|The Pavia Declaration:|
A New Deal for a Social and Democratic Europe
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The Pavia Group’s April 2015 meeting took place against the background of a deepening European economic crisis.
The Eurozone crisis has many causes and culprits. However only its citizens are being asked to pay the burden of its costs, especially those in the European periphery. Austerity in Greece and other member states has been submitted to dictates from a Troika of the European Central Bank (ECB), European Commission and International Monetary Fund (IMF) and is contributing to massive hardship which prejudices the commitment of the Rome Treaty to rising standards of living and of its first revision in the Single European Act to economic and social cohesion.
“Europe is not working” either in the sense of assuring high levels of employment or in terms of the commitment to democracy of its founders.
‘Structural reforms’ that induce austerity while reducing social protection cannot be the condition of any assistance to debt distressed countries. The IMF in its April 2015 World Economic Outlook recognizes that employment protection is not found to have any statistically significant negative effect on productivity. An obsession with reducing debt neglects that Europe could allocate surplus savings into productive investments especially because increased public investment raises output both in the short and long term, crowds in private investment, and reduces unemployment with limited effect on the public debt ratio, as supported by the IMF paper (written by A. Abiad, D. Furceri, and P. Topalova) of May 2015.
If the European Union is both to survive and flourish it needs to reassure its citizens that markets serve people rather than people serve markets, as well as that its institutions are working in their interest and adding value to what its member states otherwise cannot do as well by themselves. For some analysts this can only be achieved by new federal institutions, similar to those of the US. But Europe cannot wait for this. Without alternatives now it risks disintegration.
This is the main reason why this Declaration stresses feasible alternatives now. Europe already has the institutions and the decision-making procedures that could enable a recovery of investment and jobs. One of these is the European Investment Bank (EIB), whose lending for investments does not count on the debt of member states. Neither is there any need for national guarantees, for fiscal transfers, or for a “transfer union”, since EIB bonds are serviced from project finance.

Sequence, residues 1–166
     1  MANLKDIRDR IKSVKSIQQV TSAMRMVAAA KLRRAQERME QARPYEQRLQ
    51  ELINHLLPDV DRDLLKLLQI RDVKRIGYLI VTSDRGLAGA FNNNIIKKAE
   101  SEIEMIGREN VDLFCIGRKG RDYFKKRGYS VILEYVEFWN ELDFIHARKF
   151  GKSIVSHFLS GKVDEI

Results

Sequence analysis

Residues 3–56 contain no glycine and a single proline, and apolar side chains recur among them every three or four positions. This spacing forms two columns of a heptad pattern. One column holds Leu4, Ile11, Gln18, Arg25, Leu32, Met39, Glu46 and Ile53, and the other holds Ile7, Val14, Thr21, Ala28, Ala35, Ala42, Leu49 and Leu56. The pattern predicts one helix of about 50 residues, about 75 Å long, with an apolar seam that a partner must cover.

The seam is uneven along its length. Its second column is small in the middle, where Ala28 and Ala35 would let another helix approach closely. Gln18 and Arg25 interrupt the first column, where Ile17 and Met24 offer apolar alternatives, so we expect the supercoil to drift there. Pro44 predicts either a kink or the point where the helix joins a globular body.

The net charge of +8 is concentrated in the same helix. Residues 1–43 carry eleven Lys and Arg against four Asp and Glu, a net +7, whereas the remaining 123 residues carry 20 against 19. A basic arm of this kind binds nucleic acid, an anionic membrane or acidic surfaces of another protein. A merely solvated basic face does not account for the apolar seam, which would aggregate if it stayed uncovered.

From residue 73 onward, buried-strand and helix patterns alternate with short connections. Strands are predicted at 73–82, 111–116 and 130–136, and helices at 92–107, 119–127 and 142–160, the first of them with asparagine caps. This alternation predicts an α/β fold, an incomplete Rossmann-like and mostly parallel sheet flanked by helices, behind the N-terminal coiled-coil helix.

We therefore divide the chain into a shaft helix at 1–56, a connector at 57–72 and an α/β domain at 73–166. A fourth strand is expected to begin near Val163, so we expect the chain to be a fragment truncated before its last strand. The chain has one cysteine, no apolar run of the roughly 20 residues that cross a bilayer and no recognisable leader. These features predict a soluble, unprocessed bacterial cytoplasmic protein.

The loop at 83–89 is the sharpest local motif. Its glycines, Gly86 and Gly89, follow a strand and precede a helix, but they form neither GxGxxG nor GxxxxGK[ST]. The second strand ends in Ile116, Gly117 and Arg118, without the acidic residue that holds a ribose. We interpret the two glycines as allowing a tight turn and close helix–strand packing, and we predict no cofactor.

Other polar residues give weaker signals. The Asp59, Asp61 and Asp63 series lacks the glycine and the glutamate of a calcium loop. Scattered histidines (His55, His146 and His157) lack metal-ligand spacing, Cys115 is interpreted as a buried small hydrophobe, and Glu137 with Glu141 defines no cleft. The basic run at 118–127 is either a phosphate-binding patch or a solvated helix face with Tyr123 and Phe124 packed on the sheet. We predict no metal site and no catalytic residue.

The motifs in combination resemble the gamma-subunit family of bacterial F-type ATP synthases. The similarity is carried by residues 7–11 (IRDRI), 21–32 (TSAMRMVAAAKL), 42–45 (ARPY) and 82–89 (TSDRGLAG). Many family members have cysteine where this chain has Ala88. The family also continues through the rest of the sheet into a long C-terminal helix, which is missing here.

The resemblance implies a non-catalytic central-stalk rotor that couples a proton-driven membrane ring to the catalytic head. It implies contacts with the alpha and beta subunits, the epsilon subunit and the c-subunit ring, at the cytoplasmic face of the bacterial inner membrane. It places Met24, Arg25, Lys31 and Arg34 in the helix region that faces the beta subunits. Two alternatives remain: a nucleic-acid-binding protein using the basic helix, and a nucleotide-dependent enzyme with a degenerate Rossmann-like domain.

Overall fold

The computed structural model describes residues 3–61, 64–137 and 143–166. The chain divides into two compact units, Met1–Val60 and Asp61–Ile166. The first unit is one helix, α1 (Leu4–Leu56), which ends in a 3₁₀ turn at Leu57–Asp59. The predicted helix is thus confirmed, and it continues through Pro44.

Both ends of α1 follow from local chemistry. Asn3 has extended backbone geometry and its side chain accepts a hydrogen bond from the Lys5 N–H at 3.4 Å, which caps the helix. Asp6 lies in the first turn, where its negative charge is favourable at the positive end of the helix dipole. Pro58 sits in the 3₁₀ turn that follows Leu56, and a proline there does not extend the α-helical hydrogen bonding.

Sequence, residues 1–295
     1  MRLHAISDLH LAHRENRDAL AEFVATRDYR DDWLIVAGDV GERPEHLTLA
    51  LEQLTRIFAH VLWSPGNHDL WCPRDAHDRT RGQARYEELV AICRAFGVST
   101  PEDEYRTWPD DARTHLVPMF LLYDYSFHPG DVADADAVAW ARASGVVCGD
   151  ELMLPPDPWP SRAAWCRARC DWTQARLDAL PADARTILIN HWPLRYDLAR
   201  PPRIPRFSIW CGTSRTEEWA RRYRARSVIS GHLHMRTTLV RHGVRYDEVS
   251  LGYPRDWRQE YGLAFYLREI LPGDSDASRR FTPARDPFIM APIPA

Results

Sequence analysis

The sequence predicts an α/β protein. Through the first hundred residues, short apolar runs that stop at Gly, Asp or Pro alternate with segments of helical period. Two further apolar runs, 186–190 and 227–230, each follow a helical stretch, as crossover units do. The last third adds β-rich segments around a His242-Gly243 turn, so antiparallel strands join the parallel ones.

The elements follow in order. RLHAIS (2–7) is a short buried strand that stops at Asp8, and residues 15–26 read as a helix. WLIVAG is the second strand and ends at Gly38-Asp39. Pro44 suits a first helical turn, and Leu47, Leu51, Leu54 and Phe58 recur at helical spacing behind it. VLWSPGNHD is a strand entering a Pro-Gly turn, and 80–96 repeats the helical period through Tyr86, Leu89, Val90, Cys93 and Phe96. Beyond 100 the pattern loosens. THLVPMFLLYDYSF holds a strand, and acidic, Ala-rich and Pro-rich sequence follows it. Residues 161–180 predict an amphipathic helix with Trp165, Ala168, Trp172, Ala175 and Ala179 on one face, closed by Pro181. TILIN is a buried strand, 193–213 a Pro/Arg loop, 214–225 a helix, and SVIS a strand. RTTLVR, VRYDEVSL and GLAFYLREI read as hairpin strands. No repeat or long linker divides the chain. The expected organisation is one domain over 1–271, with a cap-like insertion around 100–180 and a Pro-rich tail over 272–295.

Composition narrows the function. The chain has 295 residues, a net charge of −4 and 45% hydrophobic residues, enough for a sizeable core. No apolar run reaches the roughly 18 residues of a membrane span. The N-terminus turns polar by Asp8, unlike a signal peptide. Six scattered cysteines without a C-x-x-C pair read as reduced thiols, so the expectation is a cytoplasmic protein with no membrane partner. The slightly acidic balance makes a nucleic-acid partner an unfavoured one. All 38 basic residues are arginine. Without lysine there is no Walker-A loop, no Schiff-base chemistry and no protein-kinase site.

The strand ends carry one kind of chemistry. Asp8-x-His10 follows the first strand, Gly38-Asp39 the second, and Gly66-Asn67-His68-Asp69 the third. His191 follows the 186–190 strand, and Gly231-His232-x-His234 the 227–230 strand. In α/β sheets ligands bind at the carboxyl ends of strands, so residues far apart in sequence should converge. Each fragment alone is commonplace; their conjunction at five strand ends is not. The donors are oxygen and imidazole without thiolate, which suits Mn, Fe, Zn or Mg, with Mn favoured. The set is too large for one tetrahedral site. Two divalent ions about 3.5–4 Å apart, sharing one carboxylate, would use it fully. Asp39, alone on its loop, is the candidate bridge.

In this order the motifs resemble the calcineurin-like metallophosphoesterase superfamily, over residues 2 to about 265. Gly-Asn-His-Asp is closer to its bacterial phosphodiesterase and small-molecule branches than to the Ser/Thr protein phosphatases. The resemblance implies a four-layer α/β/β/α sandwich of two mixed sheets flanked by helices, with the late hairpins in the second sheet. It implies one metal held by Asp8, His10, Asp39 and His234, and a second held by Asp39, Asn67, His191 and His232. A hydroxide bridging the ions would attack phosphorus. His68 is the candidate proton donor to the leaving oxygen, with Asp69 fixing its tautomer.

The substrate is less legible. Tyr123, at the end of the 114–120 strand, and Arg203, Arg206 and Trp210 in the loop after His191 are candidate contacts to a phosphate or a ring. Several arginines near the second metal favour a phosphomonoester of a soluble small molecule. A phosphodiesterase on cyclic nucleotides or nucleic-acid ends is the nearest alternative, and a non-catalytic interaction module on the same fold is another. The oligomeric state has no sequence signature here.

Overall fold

Those governments that want a recovery in employment have the power to act through the procedure of ‘enhanced cooperation’, which does not require unanimity, and which could by-pass entrenched opposition by a few member states to a bond-funded investment-led European recovery.
Supply side measures that reduce labour costs neglect the resulting reduction in aggregate demand, while in contrast supply side investment programmes can create aggregate demand.
Investment creating demand was the basis of the success of the Roosevelt New Deal in the 1930s, whereas after the crisis of 2007-2008 many EU member states have committed themselves to balanced budgets. Since then, the risk of depression and persistent unemployment and poverty in key member states and many European regions has mainly been the consequence of European austerity policy, whereas in other world regions and large economies policies have been either investment-led (East Asia) or demand-led (the USA).
The current trends in Europe are decreasing the ratios of labour income and investment to GDP. As an outcome, the crucial missing variable is the lack of aggregate demand. This reflects a private sector investment that still is a sixth below its pre-crisis level.
In European documents there is often an excessive emphasis on export-led growth. But in a large market such as that of the EU, internal demand is often more important than external demand. EU member states trade mainly with themselves. The ratio of extra-European exports to GDP was lower than 10% before the economic crisis and the EU as a whole is broadly in balance with the rest of the world. There is, instead, a vast latent demand for social investments and employment and income generated by these, such as in health, education, urban regeneration and safeguarding the environment.
Great structural economic differences among European countries and regions already existed at the time when the single European currency was introduced. These could not have been eliminated by uniform financial rules in Europe. Such differences increased during the crisis, and backward regions need specific productive investment programs. Structural differences between European countries and regions cannot be eliminated by reducing wages in an attempt to increase price competitiveness, nor by low level Structural Funds. They need a rediscovery of industrial, innovation and regional policies that foster structural competitiveness.
Quantitative easing has been necessary, but it is not sufficient for European economic recovery. This has been recognised by Mario Draghi who has stressed that it is governments that need to act to promote an investment-led recovery. Although bond finance of European investment is ruled out for the ECB, it has been the basis of EIB investment funding since 1958. This can be the key to recovery.
|A Decalogue to resolve the European Crisis|
|The current crisis can be resolved without new financial institutions, without Treaty revisions, without fiscal transfers between member states and without national guarantees for bond-funded investments.|
|Signatories and their institutions in alphabetical order|